In this respect, al Baghdadi has behaved differently from his predecessors (especially al Zarqawi) by coupling the organization's centrality with a system of decentralization of power which allows for independence in decisions even at the more peripheral level.
There are two reasons for this: Al Baghdadi sees his role within a messianic design which neither begins nor ends with himself (he must thus create the conditions for his project's survival in time); also, there is the problem of controlling a vast territory (with a population of roughly 8/10 million people over 200.000 square kilometers of land) in a state of war, which cannot be administered centrally.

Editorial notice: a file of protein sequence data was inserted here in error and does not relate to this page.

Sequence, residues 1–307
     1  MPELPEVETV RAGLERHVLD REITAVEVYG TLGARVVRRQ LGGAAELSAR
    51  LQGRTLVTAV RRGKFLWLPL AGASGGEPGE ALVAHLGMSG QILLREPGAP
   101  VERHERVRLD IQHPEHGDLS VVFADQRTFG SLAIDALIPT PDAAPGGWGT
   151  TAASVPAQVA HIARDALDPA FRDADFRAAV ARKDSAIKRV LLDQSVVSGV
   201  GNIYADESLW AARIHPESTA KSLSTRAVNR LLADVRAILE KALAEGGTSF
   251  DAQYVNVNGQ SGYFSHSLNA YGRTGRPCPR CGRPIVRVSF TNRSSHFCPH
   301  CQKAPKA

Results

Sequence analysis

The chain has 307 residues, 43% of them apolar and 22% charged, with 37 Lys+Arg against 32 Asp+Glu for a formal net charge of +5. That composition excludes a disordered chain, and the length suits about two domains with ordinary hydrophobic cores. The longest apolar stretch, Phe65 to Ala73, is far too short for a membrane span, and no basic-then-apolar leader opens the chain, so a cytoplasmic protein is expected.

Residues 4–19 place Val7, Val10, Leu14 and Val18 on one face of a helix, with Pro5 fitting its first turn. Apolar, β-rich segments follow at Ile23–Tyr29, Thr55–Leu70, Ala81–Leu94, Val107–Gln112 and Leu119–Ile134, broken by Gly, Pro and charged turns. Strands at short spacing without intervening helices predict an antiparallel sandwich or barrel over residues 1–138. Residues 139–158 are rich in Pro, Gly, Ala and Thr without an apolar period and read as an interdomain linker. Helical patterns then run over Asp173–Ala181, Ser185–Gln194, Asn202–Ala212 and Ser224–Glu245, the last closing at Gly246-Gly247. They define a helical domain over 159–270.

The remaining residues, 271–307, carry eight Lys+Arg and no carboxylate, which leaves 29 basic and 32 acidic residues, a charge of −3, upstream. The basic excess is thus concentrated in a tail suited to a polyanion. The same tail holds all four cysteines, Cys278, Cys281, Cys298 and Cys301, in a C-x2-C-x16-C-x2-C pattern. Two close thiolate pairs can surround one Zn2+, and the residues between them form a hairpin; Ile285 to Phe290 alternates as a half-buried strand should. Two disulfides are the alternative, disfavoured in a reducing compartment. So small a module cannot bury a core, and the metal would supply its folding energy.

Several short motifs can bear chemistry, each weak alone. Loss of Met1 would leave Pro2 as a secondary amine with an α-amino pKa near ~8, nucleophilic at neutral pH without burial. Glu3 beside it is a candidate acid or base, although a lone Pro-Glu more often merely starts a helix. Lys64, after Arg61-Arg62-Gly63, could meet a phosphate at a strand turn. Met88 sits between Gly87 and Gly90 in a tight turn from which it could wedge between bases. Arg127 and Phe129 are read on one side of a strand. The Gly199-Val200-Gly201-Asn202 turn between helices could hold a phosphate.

And since this is, after all, a war of religion, the Koran and the
Hadith are the sole source of interpretation for the actions of
the ISIS. Every time that al Baghdadi, surrounded and supported by
central and local imams, fights and wins, it is in the just cause
of Allah. His fights, within the framework of a religion that
refutes free will in favor of predestination, are supposed to push
forth the design of Allah. Martyrdom is thus part of this logic. A
war from which there is no turning back. And since al Baghdadi
knows that its either victory or death, he has prepared the ground
for his own demise. In other words, the story of the ISIS will not
end with the killing of the self-proclaimed Caliph. Lately, during
a speech at the Pentagon on July 6, even US President Barack Obama
admitted it when he defined the war against the ISIS a “long term